I also found out (after a few versions made & tested) that a narrow-longer board works better when sailing at speeds greater than 6-8knots.
And, wider-shorter design (like the one shown below) works better in weaker winds or cruising or you’re just learning to sail. Consider that, Bigger area = bigger drag …more flow resistance, but have better control.
The shape may have some or little effect to our level of sailing. For a project I’m working on at the moment, I went with square-shaped leeboards, but finished a good smooth foil profile & gloss acrylic paint (for flow & waterproofing).
I think, make something that’s easy for you to source & produce. Fine tune it later as you go.
Step 2 : Transfer your designs
Now, use the drawings you’ve made on OpenOffice Draw, scale them by your ruler. If you’ve never done scaling before, click HERE for a quick tutorial.
Begin drawing your rudder or leeboards from the straight line side first and work your way through.
Step 3 : Cutting The Designs
When cutting out your designs from the board, try using a decently sharp saw, because you’ll want it to be a clean and accurate cut. Don’t rush cutting the patterns out, take your time.
Use the jigsaw to cut into corners and rounds.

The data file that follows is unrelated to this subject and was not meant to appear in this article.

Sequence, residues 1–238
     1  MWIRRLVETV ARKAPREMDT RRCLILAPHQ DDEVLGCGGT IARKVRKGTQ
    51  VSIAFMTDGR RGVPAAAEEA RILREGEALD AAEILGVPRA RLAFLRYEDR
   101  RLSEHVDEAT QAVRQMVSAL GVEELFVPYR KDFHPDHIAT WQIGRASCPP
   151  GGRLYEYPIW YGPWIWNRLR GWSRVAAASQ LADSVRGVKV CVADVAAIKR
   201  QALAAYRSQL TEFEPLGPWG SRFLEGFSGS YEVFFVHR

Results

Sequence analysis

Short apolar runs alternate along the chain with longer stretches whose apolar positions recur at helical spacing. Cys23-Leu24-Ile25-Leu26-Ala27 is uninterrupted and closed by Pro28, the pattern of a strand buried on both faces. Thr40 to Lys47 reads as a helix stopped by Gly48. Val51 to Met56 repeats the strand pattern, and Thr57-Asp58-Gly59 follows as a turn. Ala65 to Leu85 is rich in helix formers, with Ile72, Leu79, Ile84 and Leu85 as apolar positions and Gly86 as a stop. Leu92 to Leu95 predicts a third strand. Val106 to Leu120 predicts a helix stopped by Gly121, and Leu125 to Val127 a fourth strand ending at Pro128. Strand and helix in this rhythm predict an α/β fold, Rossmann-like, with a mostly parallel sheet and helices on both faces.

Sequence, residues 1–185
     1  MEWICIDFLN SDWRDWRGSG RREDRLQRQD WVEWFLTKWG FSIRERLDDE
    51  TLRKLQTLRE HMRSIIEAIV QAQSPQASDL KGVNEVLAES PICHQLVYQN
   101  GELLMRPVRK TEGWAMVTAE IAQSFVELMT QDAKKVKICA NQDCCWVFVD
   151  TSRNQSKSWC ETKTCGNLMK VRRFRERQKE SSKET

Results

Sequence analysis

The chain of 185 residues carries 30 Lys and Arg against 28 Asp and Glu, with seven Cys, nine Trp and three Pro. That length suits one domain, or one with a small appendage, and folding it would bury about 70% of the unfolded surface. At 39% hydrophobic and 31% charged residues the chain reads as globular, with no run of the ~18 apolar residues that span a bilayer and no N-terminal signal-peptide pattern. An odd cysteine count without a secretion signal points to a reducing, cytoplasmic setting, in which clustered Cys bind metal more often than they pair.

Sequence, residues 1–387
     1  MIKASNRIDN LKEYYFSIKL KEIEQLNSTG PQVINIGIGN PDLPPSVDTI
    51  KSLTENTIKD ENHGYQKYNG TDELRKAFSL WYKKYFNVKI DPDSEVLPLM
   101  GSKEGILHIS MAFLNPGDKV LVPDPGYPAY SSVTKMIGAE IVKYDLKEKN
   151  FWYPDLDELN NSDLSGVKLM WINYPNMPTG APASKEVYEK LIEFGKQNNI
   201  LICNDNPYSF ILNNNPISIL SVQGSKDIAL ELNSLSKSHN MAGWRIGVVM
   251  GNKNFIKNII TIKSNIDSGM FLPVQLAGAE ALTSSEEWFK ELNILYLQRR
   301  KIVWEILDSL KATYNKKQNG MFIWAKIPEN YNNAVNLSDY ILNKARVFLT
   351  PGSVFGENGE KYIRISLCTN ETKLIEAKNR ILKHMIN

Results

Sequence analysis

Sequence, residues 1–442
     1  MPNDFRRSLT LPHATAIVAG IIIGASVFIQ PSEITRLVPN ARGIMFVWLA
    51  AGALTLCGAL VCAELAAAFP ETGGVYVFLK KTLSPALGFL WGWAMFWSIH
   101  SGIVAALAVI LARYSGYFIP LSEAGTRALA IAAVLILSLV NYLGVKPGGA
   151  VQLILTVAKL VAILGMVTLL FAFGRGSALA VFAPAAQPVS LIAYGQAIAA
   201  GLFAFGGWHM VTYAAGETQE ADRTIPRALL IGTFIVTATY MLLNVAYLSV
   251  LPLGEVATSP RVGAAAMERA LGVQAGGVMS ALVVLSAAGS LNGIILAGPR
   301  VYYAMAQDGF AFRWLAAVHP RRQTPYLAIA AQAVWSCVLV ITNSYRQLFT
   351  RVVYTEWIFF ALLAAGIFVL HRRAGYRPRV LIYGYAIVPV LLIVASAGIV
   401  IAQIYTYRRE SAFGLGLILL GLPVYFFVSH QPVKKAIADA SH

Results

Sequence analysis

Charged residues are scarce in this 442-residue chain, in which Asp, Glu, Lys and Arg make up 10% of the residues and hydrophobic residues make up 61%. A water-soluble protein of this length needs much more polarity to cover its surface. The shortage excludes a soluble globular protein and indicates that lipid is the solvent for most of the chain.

Step 4 : Planing the profiles
After cutting the square edged shapes, scribe an imaginary line on the edges of the boards.
Some may prefer using a scribing tool to draw this line, but I just used my thumb as a guide to sketch it.
Use the wood planer to trim the edges at an angle. Start with cutting with less angle on the planer’s blade and gradually adjust the cutting angle.
If you’re to steep, the plywood will start to chip, dial it back a touch and continue planing.
Step 5 : Fixing the rough edges
Once you’ve finished planing the edges, if there are chips and dips (ohh that sounds yummy!), don’t be shy to use fillers to fill the gaps.
Some fillers may come in a pre-mixed tub and some might come powdered. I prefer powdered as I could adjust the wetness by adding less or more water. Apply fillers and allow to cure over night.
Sand off the excess with a sandpaper backed with a sanding block. Wear a mask if necessary and sand in a well ventilated area.
Step 6 : Drilling
Now, drill your board mounting holes cleanly. If you’re worried about chipping the board, stick on a masking tape and drill on the tape, remove the tape carefully.
Step 7 : Coating
Finally, coat your boards with your preferred finishing. Cure your finishing overnight, just to be sure, unless if you’ve only waxed the boards.
Voila! Go on try it out on the water and let me know if it works!